Taiwan: Chen Repeats China Council Threat
Taiwanese President Chen Shui-bian has repeated his suggestion that guidelines on unification with China be scrapped, despite Washington's reservations.
Mr Chen told a visiting US Congressman that the National Unification Council and its National Unification Guidelines were anachronistic.
When the Taiwanese leader first made such remarks, Beijing called him a "troublemaker and saboteur".
China suspects the move confirms Mr Chen is pushing for independence.
The guidelines were "absurd products of an absurd era", Mr Chen told Connecticut Republican Robert Simmons on Wednesday.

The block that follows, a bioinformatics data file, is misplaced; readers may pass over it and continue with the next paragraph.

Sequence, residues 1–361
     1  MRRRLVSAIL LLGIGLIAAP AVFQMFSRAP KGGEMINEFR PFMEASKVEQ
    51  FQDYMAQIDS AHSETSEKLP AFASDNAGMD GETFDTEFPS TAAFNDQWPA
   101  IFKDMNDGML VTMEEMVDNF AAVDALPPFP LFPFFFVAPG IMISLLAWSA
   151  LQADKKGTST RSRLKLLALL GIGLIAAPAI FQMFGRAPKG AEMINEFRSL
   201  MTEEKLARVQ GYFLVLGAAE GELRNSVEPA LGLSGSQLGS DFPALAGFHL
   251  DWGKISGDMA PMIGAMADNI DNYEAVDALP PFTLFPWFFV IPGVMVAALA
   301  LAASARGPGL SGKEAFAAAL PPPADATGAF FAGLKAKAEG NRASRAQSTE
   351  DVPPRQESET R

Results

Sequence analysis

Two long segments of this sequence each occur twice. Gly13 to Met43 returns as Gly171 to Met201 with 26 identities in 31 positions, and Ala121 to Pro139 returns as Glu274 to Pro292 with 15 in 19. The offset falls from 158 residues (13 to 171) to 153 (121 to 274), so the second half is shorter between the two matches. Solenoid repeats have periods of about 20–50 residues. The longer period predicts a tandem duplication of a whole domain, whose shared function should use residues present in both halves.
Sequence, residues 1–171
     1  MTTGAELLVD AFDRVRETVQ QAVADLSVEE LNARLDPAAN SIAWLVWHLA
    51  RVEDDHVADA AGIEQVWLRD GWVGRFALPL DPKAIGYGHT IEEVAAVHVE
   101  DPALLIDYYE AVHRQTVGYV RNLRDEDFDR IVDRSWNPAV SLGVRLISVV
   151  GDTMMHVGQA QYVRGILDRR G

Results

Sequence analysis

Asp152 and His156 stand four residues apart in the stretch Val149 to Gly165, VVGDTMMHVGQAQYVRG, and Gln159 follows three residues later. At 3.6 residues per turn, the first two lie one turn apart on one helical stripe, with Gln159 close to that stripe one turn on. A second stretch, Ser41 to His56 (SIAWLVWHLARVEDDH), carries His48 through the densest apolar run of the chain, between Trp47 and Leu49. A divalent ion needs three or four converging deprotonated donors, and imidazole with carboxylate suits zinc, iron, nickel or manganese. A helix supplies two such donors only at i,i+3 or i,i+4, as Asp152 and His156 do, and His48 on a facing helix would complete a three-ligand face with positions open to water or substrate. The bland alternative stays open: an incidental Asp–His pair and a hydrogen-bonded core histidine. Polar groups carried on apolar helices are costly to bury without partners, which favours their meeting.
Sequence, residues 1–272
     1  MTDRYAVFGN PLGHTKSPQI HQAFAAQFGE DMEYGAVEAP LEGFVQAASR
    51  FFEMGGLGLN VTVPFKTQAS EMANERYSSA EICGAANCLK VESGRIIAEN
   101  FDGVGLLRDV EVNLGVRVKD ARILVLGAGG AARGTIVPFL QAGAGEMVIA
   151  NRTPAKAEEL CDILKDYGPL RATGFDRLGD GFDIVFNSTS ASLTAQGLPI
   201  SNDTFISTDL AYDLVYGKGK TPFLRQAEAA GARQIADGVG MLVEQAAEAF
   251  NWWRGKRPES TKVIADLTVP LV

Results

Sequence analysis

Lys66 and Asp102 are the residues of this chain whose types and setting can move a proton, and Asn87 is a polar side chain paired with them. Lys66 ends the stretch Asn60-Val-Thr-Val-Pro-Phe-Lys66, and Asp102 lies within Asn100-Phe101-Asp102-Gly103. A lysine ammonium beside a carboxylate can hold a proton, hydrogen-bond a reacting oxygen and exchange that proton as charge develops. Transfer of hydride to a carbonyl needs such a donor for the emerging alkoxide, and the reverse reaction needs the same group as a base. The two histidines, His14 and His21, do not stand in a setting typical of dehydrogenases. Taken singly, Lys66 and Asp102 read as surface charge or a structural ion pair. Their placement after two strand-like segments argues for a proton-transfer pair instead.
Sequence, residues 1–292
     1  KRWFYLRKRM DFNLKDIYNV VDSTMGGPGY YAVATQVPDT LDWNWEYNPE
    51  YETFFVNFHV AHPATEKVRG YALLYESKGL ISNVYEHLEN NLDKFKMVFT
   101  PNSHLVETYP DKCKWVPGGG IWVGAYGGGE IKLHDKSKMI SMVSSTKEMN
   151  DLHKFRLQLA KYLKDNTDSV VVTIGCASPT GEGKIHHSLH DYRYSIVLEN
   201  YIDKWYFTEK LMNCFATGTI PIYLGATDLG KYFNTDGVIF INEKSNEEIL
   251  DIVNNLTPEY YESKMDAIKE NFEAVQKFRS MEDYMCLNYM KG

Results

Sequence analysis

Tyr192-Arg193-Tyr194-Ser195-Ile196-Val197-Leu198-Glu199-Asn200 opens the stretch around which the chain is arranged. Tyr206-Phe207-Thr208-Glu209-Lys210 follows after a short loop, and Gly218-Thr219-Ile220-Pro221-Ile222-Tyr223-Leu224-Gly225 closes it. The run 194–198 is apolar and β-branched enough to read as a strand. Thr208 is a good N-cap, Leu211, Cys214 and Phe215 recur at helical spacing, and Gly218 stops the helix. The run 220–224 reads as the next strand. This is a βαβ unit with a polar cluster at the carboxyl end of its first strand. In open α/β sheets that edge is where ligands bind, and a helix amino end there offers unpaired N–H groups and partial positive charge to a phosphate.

"It deprives Taiwan people's rights to freely decide on cross-Strait relations and the future direction of our country," he said.
China sees Taiwan as its territory, threatening to use force if the island moves towards formal independence.
The US, Taiwan's closest ally in the face of this threat, has said it supports the status quo.
The National Unification Council was set up in 1990 as an attempt to convince the Chinese authorities that Taiwan was committed to reunification, and it helped kick-start landmark talks between the two sides in the early 1990s.
Mr Chen's independence-leaning Democratic Progressive Party (DPP) has always opposed the Council, but Mr Chen promised when he first took office in 2000 that he would not scrap it or its guidelines.